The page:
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Can the UK afford the triple lock on state pensions?

The value of state pensions in the UK is protected by the so-called triple lock. This policy has led to substantial increases in payments to pensioners, raising questions about its affordability over the longer term.

In the run-up to the 2024 general election, both the Conservative and Labour parties have confirmed their intention to maintain the ‘triple lock’ for state pensions. In this article, we explain what the policy is and why it could be politically contentious.

It is worth noting that since the start of the election campaign, the Conservatives have promised an additional ‘triple lock plus’, with an increase in the income tax personal allowance for pensioners. The details of this policy proposal – and analysis of how it might work in reality by the Institute for Fiscal Studies (IFS) – are in the Economic Observatory’s first election economics newsletter.

To summarise, Jonathan Cribb, Carl Emmerson and Paul Johnson at the IFS see this as a ‘yo-yoing’ of tax policies, when some consistency in the taxes that people pay would be more desirable.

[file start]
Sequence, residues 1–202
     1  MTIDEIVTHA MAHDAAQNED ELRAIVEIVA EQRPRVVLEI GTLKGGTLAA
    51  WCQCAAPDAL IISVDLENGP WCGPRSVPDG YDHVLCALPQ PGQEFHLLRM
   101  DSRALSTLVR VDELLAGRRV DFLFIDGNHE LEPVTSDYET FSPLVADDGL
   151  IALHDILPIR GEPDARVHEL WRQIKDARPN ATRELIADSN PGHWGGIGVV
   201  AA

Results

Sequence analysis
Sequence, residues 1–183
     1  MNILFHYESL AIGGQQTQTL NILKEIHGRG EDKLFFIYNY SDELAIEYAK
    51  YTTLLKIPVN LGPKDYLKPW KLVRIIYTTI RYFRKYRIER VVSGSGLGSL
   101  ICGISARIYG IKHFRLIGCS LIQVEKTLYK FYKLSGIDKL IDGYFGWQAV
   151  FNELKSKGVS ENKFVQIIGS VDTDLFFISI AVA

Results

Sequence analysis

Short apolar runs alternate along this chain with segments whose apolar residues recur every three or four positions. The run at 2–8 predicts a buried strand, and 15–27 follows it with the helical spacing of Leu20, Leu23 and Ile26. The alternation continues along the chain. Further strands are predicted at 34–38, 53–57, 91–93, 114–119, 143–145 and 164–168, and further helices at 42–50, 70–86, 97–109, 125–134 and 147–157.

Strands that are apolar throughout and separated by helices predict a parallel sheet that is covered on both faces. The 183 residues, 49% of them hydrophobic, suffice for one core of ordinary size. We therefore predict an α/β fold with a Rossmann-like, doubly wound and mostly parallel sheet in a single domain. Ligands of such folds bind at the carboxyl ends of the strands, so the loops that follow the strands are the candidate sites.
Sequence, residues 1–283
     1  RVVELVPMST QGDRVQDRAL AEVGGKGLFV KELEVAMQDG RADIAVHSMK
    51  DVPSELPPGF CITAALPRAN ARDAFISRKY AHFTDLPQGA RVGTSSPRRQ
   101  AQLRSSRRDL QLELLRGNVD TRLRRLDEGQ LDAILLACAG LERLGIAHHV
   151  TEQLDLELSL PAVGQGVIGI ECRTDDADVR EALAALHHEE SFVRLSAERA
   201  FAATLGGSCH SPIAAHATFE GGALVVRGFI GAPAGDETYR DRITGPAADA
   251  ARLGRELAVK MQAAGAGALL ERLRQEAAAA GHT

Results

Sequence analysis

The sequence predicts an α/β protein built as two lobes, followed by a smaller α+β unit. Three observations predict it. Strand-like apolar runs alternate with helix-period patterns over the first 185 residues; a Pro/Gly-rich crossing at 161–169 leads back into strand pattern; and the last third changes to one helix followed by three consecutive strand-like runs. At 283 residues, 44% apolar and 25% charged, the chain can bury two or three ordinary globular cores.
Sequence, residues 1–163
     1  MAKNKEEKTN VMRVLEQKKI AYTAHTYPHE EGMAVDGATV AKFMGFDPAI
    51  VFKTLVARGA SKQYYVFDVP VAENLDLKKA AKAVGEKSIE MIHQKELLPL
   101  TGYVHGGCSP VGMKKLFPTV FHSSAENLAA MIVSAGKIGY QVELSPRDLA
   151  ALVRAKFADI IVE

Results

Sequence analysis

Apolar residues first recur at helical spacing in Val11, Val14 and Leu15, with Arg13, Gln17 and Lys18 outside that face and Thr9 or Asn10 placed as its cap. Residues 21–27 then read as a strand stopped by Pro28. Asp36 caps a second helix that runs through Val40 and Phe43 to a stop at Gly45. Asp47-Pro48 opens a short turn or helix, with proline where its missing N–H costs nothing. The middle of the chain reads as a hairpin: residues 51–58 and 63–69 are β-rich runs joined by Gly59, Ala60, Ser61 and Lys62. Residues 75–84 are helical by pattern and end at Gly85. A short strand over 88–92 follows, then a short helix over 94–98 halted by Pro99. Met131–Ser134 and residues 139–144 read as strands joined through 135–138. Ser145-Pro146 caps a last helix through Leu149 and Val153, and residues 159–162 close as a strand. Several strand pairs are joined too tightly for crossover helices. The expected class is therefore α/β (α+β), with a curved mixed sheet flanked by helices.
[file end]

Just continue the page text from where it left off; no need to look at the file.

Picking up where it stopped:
What is the triple lock and why was it introduced?

The triple lock is a mechanism that automatically increases the state pension from April each year by the maximum of three measures: the rate of inflation (measured by the consumer price index, CPI); average wage growth (the average weekly earnings index); or 2.5%.

The logic behind using the highest of these three measures is that the state pension is increased in line with inflation to protect the real incomes of pensioners. But if wage growth is higher than this, the intention is that pensioners share in the increased economic prosperity. Lastly, if both inflation and wage growth are below 2.5% (representing only weak economic growth/stagnation), pensioners’ real incomes still rise over time.

The argument for protecting pensioners' incomes relative to people of working age is that the former are less able to change whether they work or the amount of time that they work (what economists call labour supply decisions) in the face of economic shocks, such as the recent cost of living crisis.